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MWD handlers train with local law enforcement

  • Published
  • By Airman 1st Class Donald C. Knechtel
  • 28th Bomb Wing Public Affairs

The 28th Security Forces Squadron military working dog handlers conducted joint training with the Rapid City Police Department K-9 Unit at the Rushmore Mall, Rapid City, South Dakota, Sept. 24, 2017.

The Security Forces Members used this opportunity to build relationships with their civilian counterparts and familiarize their K-9s with areas around the city.

“We have memorandums of agreement with Rapid City and Pennington County to provide military working dogs for detection purposes,” said Tech Sgt. Matthew Lee, the noncommissioned officer in charge of the military working dogs section assigned to the 28th SFS. “This came about because the only [civilian K-9 handler] in the state was assigned to the governor’s house. Ellsworth established these agreements with the local agencies so we could augment that resource.”

The goal of the training is two-fold: become familiar with the layout of the buildings to provide a better idea of how to approach and handle a situation, and allow the handlers to gain a perspective from the civilian law enforcement side.

“The main thing we are focusing on is bomb threat scenarios,” said Staff Sgt. Christin Cykman, a military working dog trainer assigned to the 28th SFS. “Anything from unattended bags with wires hanging out to a possible suspicious vehicle in the parking lot; it can venture from one to 1,000 things. It’s important we do this because it gets us out in the community and allows us to prepare for that ‘what if’ scenario.”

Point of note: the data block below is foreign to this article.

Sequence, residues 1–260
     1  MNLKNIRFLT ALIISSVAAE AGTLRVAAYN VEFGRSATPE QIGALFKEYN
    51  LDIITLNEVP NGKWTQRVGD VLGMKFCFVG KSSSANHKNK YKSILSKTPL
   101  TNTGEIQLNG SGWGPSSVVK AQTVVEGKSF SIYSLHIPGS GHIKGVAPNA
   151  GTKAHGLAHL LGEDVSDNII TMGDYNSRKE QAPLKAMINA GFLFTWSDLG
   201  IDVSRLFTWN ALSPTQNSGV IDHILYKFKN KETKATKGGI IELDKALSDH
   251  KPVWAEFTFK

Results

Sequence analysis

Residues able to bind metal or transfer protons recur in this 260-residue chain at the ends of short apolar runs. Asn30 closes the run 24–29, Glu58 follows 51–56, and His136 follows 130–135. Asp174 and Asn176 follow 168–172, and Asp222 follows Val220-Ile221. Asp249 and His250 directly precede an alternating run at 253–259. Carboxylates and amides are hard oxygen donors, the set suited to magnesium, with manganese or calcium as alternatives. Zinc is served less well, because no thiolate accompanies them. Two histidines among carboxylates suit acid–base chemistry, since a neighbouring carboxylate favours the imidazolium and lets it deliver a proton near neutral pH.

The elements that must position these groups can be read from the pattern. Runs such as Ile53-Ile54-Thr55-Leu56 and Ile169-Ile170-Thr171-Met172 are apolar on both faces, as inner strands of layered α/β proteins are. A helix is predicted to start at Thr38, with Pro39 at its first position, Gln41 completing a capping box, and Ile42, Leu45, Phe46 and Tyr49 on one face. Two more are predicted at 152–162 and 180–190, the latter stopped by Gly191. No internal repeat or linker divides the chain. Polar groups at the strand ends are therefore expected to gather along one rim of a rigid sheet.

While the memorandums on utilization of the MWD’s for specific threats in the city were written up years ago, this is the first time 28th SFS had a chance to work with local law enforcement and their new K-9s.

“This is the first time this is being done,” Cykman explained. “We are hoping to start doing this once a month with different areas throughout the city to better familiarize ourselves with what we will be working with. Places that you might venture through day to day, you might be familiar with in a sense, but it’s a completely different mindset when you’re called there for a response.”

Future training locations include local courthouses, airports, or any high-traffic, at-risk environments.

“This is a stepping stone to more joint training,” Lee said. “The goal is to build that relationship with [local law enforcement]. We don’t know their capability, what level of proficiency they are at, so maybe we can provide our expertise and show them a few tricks of the trade, maybe learning from them too; it’s a two way street.”